One the earliest narratives I can remember being driven by the sabermetrics movement some ten years ago was that managers were wasting the value of their best relievers by limiting them, strictly, to the 9th inning in “save” situations. While that is often a situation when you’d want your best reliever out there, advanced data analysis demonstrated quite correctly that the game is frequently won or lost in other situations. When another reliever gets into trouble in the 7th inning. When the 8th inning features the heart of the opposing lineup. When the game is tied in the 10th inning and you just need to make it to the 11th inning.
But what we’ve learned and accepted in the last few years is that, while the data behind that thinking was all correct, deploying it with human beings was another matter entirely. “Remember the heartbeat,” as Joe Maddon might say. There’s something different about the 9th inning, the baseball saying goes, and increasingly, it does seem like that’s the case. Some relievers can do the 9th inning thing, and some are dramatically better in a setup role. And some relievers need to be protected, physically, but limiting their outings artificially, so why not just go the “traditional” save situation route if you’re going to limit them anyway?
So that’s what the Cubs plan to do with new closer Brandon Morrow, just as they did with former closer Wade Davis in 2017. But here’s the question for the day: what about that other part of being a closer? Davis had long proven that he could handle the 9th inning like a cyborg. Can Morrow?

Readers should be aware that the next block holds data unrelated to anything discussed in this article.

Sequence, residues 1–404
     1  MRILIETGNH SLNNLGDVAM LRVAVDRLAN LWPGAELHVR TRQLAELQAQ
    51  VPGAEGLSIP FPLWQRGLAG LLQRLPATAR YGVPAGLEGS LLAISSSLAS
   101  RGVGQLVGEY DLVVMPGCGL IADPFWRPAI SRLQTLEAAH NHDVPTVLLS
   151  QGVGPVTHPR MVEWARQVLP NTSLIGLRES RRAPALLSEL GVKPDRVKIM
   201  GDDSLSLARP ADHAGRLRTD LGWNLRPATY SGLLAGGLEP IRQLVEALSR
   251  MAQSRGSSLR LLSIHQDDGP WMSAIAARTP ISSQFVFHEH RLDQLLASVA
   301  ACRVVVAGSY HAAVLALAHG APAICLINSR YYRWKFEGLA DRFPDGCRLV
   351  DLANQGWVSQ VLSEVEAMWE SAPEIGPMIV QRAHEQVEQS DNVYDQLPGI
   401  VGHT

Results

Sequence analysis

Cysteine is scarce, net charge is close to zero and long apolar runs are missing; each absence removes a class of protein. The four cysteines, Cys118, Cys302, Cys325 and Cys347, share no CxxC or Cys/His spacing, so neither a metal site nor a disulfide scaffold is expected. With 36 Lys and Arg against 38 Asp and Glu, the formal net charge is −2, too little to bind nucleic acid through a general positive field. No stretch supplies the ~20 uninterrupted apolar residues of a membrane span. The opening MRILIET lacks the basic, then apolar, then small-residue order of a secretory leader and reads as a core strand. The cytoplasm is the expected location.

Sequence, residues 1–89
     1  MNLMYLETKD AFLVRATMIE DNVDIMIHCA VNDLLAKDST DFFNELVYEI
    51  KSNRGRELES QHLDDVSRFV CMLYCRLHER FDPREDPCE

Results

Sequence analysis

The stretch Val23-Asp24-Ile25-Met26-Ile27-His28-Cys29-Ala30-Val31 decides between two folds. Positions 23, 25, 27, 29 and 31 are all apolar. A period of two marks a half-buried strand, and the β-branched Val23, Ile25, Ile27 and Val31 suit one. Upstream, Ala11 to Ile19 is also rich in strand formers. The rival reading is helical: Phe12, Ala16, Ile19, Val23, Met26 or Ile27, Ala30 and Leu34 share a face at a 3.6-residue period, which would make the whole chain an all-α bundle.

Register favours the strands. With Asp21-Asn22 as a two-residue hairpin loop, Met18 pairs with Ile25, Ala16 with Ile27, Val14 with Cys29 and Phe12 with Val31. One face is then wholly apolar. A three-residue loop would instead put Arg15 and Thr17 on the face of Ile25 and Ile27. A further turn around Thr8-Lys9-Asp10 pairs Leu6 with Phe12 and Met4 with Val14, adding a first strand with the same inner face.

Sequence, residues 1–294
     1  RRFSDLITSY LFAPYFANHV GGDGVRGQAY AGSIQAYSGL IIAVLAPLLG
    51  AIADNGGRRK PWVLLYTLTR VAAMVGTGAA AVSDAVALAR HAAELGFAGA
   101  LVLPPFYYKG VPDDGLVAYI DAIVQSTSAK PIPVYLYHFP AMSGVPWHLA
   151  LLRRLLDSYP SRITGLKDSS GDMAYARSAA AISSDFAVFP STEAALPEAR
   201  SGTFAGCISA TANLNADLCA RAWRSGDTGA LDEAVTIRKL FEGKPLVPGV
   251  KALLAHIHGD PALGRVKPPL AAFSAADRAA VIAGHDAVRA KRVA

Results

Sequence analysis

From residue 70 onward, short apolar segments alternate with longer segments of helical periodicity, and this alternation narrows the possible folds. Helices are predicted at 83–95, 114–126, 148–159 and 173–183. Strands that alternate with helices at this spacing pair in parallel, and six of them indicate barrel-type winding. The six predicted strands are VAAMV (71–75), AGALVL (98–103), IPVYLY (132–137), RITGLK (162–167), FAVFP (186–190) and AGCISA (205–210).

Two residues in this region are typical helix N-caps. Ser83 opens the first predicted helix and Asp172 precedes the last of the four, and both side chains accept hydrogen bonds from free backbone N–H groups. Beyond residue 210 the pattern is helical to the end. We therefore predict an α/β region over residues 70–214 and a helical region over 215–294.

Although Morrow, now 33, has been a closer in the past, it was right around the time we were learning about the closer role might need to be rethought (and then, of course, rethought again) – as in, a decade ago. For the Mariners in 2008 and 2009, Morrow saved 16 games – he was not the closer for the entire duration – and he was fantastic in relief at that time. Obviously it’s a been a long road of starting, hitting the minors, and spending a lot of time on the disabled list since then. It’s debatable whether that past closing experience really has anything at all to do with how Morrow will perform in 2018.
But whether that past experience prepares him or not to be the closer, he tells NBC that he’s got something else to draw upon to know he can withstand the pressure: the postseason.
Throwing as Kenley Jansens’s primary setup man last year, Morrow carved his way though the postseason in nearly flawless fashion (except one insane World Series game when the Astros got to him (and everyone else)).
“I think all the playoff experience last year helps a lot in pressure situations,” Morrow told NBC. “That was something that I didn’t have before. I pitched in almost every other situation besides a playoff situation and World Series games and coming in with bases loaded, two outs in the World Series and everything like that. I’ve pretty much seen it all. You’ll see somebody that is pretty even-keeled. Ups and downs don’t really get to me.”
That certainly sounds like Wade Davis, and I don’t think anyone would have a problem with the Cubs having another closer with Davis’s demeanor (to say nothing of his effectiveness).
Morrow has the stuff to be an effective closer if he stays healthy, and the Cubs plan to do as much as they can to preserve that health. As for whether he’s got the “other” qualities necessary, it seems like the answer is “probably.” But we’ll have to see when the bell rings.